Baring Private Equity Asia has raised soft commitments of as much as $3.85 billion towards its sixth private equity vehicle, a source close to the matter told Private Equity International.
It emerged last week that the firm had made a first close on $3.21 billion of commitments, which PEI’s source confirmed, but he added it is “just a matter of time” until it closes on its $3.85 billion hard cap and expects to be “quite significantly oversubscribed” as a number of LPs were unable to even fulfil their desired allocations to the fund due to high demand.
Currently, the firm already has initial agreements from LPs for funds up to the hard cap amount, but they haven’t crossed the line in terms of signing legal documentation.
A spokesman for Baring declined to comment.
LPs that have committed a substantial amount to the new fund include the Canada Pension Plan Investment Board (CPPIB) and Illinois Teachers' Retirement System, with most of the capital coming from North America, the source said.
So far, funds raised are made up of 25 percent new LPs, with the rest coming from existing investors. CPPIB has also been a large supporter of Baring in the past.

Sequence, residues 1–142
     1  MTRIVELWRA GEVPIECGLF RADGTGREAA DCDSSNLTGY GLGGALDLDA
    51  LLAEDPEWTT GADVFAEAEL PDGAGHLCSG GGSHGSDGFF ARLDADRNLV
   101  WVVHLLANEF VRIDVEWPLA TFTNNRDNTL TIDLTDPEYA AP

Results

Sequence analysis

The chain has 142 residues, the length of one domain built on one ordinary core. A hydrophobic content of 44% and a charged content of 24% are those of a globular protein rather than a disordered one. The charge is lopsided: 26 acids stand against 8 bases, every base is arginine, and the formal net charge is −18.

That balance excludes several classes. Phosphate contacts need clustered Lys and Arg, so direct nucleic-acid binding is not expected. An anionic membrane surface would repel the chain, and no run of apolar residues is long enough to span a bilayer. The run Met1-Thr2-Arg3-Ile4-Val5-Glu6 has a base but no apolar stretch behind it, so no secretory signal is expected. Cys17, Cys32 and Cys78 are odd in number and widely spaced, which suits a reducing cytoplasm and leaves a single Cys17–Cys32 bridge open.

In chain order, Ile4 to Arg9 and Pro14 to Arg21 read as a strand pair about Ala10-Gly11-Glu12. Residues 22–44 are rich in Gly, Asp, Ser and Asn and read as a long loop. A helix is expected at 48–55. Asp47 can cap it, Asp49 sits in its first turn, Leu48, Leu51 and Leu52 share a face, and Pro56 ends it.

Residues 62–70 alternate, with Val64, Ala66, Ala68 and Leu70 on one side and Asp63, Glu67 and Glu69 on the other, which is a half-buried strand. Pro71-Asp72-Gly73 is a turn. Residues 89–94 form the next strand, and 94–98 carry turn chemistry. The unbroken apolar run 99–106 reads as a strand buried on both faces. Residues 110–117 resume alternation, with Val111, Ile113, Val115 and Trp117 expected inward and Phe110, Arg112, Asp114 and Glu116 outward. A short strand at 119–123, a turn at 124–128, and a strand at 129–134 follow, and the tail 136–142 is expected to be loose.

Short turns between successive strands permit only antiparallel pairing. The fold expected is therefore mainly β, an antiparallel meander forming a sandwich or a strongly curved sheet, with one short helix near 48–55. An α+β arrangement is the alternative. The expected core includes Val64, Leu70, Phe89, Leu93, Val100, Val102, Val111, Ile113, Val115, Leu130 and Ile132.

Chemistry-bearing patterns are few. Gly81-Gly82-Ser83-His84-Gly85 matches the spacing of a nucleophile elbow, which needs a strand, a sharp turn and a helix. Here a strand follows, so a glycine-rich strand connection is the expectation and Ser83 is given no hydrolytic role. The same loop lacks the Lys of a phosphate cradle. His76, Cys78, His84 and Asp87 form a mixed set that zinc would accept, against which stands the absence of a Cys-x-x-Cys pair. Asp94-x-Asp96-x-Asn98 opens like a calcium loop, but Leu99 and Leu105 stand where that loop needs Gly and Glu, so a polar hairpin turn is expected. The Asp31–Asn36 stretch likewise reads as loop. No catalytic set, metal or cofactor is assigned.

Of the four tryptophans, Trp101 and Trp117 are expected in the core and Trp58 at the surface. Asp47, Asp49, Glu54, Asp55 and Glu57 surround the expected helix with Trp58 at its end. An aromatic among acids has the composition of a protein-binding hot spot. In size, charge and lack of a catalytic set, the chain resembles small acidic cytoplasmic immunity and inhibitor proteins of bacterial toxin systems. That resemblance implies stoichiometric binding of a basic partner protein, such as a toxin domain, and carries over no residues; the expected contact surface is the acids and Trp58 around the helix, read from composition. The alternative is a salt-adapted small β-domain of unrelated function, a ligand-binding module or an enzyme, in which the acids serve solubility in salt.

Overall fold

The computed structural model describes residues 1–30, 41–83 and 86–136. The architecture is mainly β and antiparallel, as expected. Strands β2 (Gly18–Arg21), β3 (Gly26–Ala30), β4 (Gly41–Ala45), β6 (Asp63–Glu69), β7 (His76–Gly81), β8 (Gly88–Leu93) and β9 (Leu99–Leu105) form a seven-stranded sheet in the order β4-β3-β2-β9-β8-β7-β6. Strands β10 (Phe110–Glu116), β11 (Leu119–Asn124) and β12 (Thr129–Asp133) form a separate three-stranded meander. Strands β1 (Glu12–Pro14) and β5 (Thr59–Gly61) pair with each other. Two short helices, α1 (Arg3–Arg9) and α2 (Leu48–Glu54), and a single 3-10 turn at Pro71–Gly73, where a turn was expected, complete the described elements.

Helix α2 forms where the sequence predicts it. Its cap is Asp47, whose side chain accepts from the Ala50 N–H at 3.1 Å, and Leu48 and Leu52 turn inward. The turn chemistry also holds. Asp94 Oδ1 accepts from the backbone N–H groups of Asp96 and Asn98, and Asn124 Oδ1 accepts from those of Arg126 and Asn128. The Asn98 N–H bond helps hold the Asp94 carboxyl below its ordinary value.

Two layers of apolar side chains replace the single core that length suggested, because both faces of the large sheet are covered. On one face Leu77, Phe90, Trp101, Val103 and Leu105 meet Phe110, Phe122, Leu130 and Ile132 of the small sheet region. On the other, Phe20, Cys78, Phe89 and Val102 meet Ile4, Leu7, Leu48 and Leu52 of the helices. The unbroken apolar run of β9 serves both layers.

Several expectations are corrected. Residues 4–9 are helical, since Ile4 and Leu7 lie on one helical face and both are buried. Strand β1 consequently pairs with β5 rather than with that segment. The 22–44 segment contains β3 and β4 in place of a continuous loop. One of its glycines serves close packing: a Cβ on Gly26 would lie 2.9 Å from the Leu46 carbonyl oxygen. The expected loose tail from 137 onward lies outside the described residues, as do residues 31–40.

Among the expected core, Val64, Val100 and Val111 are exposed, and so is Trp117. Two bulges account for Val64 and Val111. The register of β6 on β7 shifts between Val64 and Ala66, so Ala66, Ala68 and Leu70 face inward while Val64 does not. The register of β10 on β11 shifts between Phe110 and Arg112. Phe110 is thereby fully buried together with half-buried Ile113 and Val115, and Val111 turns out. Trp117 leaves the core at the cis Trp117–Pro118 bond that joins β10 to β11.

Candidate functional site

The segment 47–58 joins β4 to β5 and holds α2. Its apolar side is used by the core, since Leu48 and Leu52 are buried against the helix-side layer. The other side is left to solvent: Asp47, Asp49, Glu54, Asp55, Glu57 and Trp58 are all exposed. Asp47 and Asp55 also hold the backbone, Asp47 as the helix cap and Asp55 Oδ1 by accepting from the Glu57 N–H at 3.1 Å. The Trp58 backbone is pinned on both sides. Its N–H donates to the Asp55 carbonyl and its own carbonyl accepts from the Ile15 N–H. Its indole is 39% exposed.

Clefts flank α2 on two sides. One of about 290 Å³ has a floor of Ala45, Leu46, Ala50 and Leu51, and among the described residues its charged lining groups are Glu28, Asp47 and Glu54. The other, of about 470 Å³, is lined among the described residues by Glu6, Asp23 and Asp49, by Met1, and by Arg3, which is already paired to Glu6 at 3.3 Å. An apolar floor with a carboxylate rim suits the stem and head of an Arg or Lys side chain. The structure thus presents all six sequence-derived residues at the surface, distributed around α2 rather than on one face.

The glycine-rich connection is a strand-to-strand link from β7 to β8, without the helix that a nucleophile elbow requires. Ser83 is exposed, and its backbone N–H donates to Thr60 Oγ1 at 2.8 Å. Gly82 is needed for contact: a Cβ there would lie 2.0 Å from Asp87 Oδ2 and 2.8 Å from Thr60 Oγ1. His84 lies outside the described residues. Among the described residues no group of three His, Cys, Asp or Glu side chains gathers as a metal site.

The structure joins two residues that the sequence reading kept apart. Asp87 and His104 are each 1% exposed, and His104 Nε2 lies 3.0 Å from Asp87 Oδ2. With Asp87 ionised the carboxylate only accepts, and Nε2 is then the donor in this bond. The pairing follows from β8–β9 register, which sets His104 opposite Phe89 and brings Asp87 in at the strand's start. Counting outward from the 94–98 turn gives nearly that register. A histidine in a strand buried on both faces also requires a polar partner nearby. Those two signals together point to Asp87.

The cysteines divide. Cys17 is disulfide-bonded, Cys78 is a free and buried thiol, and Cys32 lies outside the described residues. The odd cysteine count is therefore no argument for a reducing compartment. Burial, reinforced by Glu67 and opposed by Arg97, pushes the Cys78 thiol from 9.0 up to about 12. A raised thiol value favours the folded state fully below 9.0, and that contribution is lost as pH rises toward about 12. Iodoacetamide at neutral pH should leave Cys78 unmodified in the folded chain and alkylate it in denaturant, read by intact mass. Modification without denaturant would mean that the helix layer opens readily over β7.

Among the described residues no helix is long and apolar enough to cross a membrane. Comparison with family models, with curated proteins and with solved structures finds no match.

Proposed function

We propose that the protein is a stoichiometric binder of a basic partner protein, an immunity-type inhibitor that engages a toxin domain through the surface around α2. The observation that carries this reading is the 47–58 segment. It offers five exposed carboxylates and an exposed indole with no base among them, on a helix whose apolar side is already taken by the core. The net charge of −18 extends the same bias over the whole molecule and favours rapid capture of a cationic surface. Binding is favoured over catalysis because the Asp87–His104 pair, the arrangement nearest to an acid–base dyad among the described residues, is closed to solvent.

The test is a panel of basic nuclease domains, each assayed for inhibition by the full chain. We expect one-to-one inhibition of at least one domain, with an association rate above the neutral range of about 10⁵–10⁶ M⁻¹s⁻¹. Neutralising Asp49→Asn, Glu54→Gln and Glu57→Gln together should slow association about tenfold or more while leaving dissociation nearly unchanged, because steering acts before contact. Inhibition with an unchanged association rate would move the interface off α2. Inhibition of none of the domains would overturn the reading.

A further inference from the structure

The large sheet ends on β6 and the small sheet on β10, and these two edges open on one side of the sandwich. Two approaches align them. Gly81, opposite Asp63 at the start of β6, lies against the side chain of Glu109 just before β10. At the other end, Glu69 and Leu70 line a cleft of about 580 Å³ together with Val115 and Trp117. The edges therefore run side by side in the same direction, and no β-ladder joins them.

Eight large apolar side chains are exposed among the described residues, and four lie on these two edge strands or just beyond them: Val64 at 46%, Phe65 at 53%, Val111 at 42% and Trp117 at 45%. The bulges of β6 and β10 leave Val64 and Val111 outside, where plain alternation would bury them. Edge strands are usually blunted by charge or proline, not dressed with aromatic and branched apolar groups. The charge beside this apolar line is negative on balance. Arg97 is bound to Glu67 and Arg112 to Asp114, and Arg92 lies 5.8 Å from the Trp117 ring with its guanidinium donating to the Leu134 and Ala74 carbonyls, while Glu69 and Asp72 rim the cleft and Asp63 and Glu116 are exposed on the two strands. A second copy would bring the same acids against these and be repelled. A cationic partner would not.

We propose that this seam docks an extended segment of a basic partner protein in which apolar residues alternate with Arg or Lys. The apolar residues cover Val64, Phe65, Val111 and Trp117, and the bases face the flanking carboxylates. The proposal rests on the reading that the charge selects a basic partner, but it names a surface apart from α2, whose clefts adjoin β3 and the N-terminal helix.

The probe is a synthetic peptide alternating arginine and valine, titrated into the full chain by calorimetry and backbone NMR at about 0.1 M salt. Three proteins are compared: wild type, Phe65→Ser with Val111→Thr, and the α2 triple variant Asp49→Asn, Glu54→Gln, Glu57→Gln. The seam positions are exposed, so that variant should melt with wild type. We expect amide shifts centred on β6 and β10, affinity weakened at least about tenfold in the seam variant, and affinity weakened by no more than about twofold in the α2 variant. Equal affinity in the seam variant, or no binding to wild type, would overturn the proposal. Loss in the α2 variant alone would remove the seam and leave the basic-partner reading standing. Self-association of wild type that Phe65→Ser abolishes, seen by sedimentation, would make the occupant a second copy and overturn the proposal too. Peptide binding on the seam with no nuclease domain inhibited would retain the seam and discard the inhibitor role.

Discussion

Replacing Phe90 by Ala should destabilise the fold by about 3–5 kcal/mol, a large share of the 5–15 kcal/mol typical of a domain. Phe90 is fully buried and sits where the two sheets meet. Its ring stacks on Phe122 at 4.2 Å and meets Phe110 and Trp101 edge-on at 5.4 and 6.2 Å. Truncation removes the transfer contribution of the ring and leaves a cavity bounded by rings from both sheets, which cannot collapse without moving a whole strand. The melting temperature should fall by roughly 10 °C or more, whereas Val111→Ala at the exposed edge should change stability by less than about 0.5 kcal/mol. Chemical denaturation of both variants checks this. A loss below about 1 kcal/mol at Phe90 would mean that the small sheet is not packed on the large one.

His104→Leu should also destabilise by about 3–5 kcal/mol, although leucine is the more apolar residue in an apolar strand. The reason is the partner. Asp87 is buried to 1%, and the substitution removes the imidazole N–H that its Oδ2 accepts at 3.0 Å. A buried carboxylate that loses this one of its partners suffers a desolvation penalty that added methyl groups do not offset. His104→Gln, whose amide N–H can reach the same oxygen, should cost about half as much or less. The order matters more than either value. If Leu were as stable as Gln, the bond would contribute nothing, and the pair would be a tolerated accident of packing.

The fund is offering LPs a 1.8 percent management fee, although due to its widespread office base there has been little movement on the typical 2:20 fund structure.
Baring launched its latest private equity offering in June this year with a $3 billion target – well above the $2.46 billion raised by its predecessor vehicle – and enlisted UBS to act as placement agent on the fund.
The $3 billion was more than the firm had originally planned to target, as the anticipated $2.9 billion was later considered fairly “conservative” given the interest, and LPs were “not worried about them being able to deploy capital”, one industry source told PEI earlier.
Meanwhile, Baring has continued to be highly active across Asia Pacific, as well as globally in businesses that have potential to expand into Asia.
In August, Baring and Canadian private equity firm Altas Partners invested about $750 million in St. George’s University, Grenada, to help expand the school’s reach across Asia. Similarly, the firm invested in UK retailer Cath Kidston earlier this year to develop its presence in Asian markets.